26.7.2021Wireless charging trials in Leeds, Nottingham and Warwick
British technology company Sprint Power is leading a multi-million-pound UK government-backed project that aims to demonstrate the suitability of wireless charging technology for fleet vehicles.
Sprint Power specialises in low carbon tech, including electrified propulsion systems, power electronics and battery systems. The company has developed a series of advanced wireless charging modules ahead of the trial beginning on the streets of Leeds, Nottingham and Warwick next month.
Sprint Power has developed an electrical distribution system, a power distribution module, and a high voltage harness assembly that will enable a fleet of vehicles to charge wirelessly via pads attached to the ground. The design will automatically recognise which power source to draw current from, with each vehicle featuring both wireless and plug-in charging capability. A display screen inside the cabin of each vehicle will indicate to the user the status of each charge.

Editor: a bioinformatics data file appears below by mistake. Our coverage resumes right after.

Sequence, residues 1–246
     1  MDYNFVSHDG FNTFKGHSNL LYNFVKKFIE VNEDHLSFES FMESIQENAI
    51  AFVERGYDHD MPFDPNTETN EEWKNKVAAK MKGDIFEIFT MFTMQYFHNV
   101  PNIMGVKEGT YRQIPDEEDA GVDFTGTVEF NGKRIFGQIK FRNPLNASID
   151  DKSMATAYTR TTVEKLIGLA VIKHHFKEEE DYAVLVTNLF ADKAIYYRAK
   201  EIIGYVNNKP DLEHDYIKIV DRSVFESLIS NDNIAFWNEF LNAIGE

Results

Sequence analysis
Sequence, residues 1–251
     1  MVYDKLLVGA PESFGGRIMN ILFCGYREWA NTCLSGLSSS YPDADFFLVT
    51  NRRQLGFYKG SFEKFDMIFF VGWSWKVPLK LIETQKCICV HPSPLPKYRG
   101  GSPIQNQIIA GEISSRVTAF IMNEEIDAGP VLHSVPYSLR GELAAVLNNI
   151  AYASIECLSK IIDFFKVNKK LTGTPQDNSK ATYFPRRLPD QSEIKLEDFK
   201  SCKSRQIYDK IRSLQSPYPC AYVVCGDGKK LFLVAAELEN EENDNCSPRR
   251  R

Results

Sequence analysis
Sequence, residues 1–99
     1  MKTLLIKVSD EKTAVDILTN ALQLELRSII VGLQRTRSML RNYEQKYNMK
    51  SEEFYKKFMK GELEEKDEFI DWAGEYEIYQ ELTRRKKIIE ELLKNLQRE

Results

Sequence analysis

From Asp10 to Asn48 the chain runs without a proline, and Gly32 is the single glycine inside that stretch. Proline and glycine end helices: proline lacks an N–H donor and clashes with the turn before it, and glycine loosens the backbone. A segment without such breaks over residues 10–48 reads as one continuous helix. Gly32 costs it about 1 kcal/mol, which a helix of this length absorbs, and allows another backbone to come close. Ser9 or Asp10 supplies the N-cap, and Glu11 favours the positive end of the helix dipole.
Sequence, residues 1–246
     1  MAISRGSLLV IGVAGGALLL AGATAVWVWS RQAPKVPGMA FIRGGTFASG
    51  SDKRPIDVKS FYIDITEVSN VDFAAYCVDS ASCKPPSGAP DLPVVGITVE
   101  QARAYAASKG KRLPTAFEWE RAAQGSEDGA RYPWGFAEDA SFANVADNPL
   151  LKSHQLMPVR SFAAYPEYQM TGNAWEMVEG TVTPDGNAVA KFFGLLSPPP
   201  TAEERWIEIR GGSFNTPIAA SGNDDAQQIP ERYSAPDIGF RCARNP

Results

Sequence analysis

Funding for the wireless charging project has been awarded by Innovate UK, a non-departmental public body funded by the UK government and designed to drive research and development into new technologies. In addition to Sprint Power, the consortium includes the University of Warwick, the University of Nottingham, Loughborough University, Leeds City Council and MyEVS.
“As we move steadily towards the UK’s ban on pure ICE vehicles in 2030, more commercial operations will be switching their fleets to electric vehicles,” said Founder and CEO of Sprint Power, Richie Frost.
“We are delighted to be part of this pioneering trial that aims to make this transition easier through the development and implementation of wireless charging. I strongly believe these solutions will be key to this country’s shift towards sustainable mobility.”
Project AMiCC (AMiCable Charging) will trial eight modified Nissan Leaf and Nissan ENV200 models to evaluate the benefits of using wireless charging systems for security, estate and pool car fleets. Many of these fleets have low downtime and high utilisation, where drivers have just a short window to recharge the vehicle battery. With a wired connection, this relies on the user having to plug and unplug the vehicle many times a day. This is seen as one of the biggest barriers to transitioning these types of fleets to electric mobility.